Even so, she might forgive him -- forgive him the sloppiness and the clusimess and the endless laughing and the general annoyance that he is, forgive him for being a child -- had he possessed the one thing for which she has a weakness: brilliance.


The above is from the novel "Loser." She refers to Mrs. Biswell, Zinkoff's second-grade teacher, and him refers to Zinkoff.

For a start, I guess to simply to present subjunctive "should he possess" is better than the past subjunctive tense "had he possessed" in the above. Correct me if I am wrong.

Secondly, could you come up with a reason why she has a weakness for owning brilliance? I can't figure it out though I have raked my brain hard. Thanks.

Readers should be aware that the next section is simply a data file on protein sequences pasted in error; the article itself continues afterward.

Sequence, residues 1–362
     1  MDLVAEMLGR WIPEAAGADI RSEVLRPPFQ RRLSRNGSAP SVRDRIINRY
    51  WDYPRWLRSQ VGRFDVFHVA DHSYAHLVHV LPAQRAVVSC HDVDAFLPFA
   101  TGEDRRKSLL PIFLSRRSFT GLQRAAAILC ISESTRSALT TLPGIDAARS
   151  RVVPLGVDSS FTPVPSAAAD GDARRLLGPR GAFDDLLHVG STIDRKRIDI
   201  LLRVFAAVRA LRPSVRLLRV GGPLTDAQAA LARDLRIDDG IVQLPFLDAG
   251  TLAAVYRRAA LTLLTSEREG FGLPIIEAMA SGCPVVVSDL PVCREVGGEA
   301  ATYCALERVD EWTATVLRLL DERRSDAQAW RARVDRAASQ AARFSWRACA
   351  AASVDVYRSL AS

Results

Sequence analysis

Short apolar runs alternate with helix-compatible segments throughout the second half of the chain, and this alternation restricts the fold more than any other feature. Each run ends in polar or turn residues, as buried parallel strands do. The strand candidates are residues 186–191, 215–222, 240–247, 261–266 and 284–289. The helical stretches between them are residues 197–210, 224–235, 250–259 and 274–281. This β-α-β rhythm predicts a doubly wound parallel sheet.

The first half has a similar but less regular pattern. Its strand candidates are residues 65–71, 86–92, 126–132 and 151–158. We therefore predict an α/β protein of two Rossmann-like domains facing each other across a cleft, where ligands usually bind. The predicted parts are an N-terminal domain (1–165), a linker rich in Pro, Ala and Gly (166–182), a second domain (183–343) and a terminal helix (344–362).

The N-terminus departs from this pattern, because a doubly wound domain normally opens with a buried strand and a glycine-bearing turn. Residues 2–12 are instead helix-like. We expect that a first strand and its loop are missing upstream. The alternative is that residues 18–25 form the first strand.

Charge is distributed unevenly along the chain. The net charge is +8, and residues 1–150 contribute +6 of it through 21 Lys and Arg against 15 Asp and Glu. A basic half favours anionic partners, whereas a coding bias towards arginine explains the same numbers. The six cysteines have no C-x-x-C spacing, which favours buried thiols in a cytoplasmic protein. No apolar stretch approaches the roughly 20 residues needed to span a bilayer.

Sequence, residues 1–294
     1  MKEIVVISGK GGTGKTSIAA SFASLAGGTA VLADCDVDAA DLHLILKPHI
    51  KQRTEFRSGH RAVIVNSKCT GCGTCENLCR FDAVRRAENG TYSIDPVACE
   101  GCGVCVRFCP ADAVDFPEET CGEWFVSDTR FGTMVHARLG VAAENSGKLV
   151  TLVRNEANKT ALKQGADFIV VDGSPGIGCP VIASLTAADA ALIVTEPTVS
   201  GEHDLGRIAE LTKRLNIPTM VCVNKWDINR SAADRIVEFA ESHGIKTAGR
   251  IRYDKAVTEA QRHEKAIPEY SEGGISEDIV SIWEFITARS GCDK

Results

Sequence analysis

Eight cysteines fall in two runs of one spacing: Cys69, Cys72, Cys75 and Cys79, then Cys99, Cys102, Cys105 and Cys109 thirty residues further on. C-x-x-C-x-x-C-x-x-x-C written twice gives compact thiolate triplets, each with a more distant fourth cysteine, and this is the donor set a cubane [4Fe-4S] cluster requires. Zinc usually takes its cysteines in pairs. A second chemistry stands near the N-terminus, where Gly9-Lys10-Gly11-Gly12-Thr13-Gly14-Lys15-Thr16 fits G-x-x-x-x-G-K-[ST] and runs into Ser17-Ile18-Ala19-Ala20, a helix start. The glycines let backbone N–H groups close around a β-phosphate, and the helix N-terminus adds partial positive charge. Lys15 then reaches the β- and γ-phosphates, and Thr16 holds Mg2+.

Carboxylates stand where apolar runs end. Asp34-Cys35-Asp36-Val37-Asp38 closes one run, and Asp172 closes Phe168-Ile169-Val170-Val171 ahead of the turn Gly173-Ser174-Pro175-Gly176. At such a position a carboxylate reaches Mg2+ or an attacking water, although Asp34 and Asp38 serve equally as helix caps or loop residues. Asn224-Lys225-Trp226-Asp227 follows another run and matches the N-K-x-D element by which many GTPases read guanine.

"had he possessed" seems fine to me. "should he possess" seems not quite right.

She doesn't have a weakness for "owning brilliance". She has a weakness for brilliance (in other words, she evidently very much admires brilliant children). Zinkoff does not possess this quality.
Angliholicwhy she has a weakness for owning brilliance
"possessed" here is used in the sense of "exhibiting an attribute" as opposed to "owning a thing."

If you check your dictionary it will probably tell you that when used in this sense "possessed" is followed by "of" but in this case "of" is neither needed nor allowed.